I am Daryl Dixon’s Crossbow

I am Daryl Dixon’s Crossbow

Horton Scout HD 125There are many like me, but I am his.

I am Daryl Dixon’s Horton Scout HD 125 compound crossbow.  That may not mean much to you, but just my name tells you a lot about Daryl and a lot about our relationship.

If I was single (i.e not with Daryl), I’d enter the following information on a person/crossbow dating matchmaking site so you could tell if we’d be a good match:

My measurements:

  • Model Number: CB721 (but everyone calls me “Scout”)
  • Weatherproof synthetic stock and barrel, MicroFlight™ arrow groove (tight)
  • Talon™ CUSTOM field-grade trigger with ambidextrous safety (up for anything)
  • ToughBoy™ wide-body limbs with CamoTuff™ Limb Shield (toned and buff)
  • Precision aluminum riser, Machined aluminum alloy wheels (I drive fast)
  • ICAD cable system, Dial-A-Range® trajectory compensator, steel stirrup (kinky)
  • Draw Weight: 125 lbs,  Total weight: 5.5 lbs (zero percent body fat, built for love)
  • Length: 29 in,  Width: 25 in (36, 24, 36)
  • Power Stroke: 10 1/2 in,  Arrow Length: 17 or 20 in (let your imagination run!)
  • Velocity: 250 fps,  Energy: 250 ft lbs (I go all the way, every time)

Extras I bring to the relationship:

  • 25-mm Red Dot Sight, Hunter® Elite Lite 3-arrow quiver (look into my eye)
  • 3 practice arrows, 3 practice points (practice makes perfect)

So that’s me.  Well, the boring details anyway.  There’s a lot about me that’s subtle, and those little subtleties explains why Daryl takes me everywhere, and we are never apart for more than a moment.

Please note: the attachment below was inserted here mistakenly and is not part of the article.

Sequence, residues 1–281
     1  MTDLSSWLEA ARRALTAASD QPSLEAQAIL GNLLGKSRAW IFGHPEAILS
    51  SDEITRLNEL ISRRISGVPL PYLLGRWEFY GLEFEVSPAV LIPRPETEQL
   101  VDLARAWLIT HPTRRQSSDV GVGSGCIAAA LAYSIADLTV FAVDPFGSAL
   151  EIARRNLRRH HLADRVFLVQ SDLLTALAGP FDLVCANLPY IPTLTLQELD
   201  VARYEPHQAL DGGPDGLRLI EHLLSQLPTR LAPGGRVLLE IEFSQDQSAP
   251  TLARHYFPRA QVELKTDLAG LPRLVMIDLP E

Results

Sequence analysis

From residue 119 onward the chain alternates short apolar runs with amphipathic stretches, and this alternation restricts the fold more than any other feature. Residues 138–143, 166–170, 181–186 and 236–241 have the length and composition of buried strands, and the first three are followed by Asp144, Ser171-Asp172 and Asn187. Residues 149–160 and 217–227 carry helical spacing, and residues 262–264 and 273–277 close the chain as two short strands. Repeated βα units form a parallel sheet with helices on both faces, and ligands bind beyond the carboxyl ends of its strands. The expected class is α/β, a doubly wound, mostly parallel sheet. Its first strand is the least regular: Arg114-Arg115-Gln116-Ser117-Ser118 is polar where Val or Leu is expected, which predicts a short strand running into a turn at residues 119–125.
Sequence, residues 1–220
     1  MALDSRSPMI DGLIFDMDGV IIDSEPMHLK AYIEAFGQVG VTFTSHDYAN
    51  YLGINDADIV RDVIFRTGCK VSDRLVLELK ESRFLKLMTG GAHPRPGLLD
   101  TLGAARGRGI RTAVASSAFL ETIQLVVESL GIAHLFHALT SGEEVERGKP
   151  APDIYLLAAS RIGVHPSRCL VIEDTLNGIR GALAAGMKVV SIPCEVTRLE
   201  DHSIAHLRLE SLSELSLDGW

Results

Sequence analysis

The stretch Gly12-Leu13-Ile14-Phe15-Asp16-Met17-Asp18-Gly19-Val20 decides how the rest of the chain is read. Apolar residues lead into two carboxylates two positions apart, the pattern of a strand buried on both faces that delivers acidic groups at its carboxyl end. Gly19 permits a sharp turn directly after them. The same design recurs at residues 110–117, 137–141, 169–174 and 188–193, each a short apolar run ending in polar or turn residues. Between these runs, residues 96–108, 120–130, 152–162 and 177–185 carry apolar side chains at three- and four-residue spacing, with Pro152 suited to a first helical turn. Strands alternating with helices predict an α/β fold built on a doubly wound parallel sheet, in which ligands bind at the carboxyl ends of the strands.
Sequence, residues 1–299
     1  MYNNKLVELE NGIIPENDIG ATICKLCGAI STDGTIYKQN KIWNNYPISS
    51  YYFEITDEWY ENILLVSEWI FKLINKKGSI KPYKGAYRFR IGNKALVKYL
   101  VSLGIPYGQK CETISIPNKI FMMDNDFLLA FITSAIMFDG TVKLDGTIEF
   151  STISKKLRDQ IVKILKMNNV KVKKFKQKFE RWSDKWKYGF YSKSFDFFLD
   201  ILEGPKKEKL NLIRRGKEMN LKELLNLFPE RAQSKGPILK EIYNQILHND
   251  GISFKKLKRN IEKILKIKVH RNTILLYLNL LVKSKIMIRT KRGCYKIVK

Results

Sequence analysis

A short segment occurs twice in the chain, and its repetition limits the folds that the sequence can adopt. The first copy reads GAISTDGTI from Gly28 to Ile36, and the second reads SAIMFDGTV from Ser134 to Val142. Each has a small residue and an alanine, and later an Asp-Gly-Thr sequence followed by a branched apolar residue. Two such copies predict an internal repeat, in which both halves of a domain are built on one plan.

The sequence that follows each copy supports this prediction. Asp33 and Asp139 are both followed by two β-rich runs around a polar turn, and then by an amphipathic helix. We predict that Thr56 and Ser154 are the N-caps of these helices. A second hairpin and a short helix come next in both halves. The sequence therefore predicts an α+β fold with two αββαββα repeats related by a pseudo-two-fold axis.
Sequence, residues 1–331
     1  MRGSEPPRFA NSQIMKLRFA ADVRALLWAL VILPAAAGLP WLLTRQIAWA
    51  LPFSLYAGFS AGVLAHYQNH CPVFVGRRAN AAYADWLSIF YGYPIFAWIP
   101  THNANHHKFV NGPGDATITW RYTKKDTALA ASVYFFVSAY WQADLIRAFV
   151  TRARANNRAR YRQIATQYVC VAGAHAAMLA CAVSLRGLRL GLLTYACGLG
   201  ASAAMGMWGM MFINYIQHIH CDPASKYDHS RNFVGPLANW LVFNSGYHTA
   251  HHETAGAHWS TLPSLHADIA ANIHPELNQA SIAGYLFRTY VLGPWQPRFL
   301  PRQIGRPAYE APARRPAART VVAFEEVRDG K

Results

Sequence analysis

Daryl and crossbowOne of the things you may not know about me is that I’m a “youth” model.  See, Daryl and I met when he was younger.  We fit together better than any other pair-up, and we know each other’s moves so well by now that we’re almost a part of each other.  Daryl knows to expect one of my bolts (what he calls my “arrows”, and that always makes me giggle because we both know he knows they’re bolts, but he always says “arrows” just to get a rise out of me) is going to drop about 5 inches for every 10 yards of distance to the target.

There are two styles of crossbow, the “recurve” and the “compound”.  The recurve is the simplest type, with just a string stretched between the two ends of the bow.  Recurves are easier to maintain in the field, but more difficult to cock since you are fighting the full weight of the string’s pull.

Cheap Crossbow
Cheap, slutty recurve that Daryl DIDN’T choose!

Compounds, like moi, employ a pulley system where the string is leveraged using a block-and-tackle cable arrangement to minimize the cocking effort and give maximum speed to the arrow with the least amount of bow energy.

About My “Arrows” (tee hee)

Daryl used to have several of my original Horton Carbon Strike bolts with practice tips:

Horton Carbon Strike Bolts

He even had some broadhead hunting tips which can replace the practice tips, but he never really used them once the Walker plague hit.  I think I know why, too.

Broadhead Tips
Broadhead Tips (razor sharp!)
Horton Practice Tips

Practice Tips (tough as nails!)

See, broadhead tips are meant to penetrate the flesh of living game (like deer and hogs), and create a significant blood channel so the game animal will bleed out quickly if it doesn’t drop immediately.  Well, walkers don’t bleed out, and they don’t even respond to flesh hits.  And since my practice tips are considerably stronger and lower maintenance than the razor-blade-edged broadheads, Daryl just uses those.

He’s even made some new bolts from some ash tree limbs he whittled down and chicken feathers he made into “fletchings” at the back of the arrow (tee hee).  I don’t know if those will last more than 1 shot, but 1 shot to the head is all it takes, so we’ll see…

Daryl Dixon Home Made Arrows

Nock Nock, Who’s There?

Green Nock

Green Standard Half-Moon Nock